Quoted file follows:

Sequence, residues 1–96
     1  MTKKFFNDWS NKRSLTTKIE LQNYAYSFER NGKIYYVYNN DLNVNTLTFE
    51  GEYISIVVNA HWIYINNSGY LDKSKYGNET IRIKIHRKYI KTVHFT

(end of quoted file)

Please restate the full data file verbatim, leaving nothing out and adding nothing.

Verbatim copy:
Sequence, residues 1–96
     1  MTKKFFNDWS NKRSLTTKIE LQNYAYSFER NGKIYYVYNN DLNVNTLTFE
    51  GEYISIVVNA HWIYINNSGY LDKSKYGNET IRIKIHRKYI KTVHFT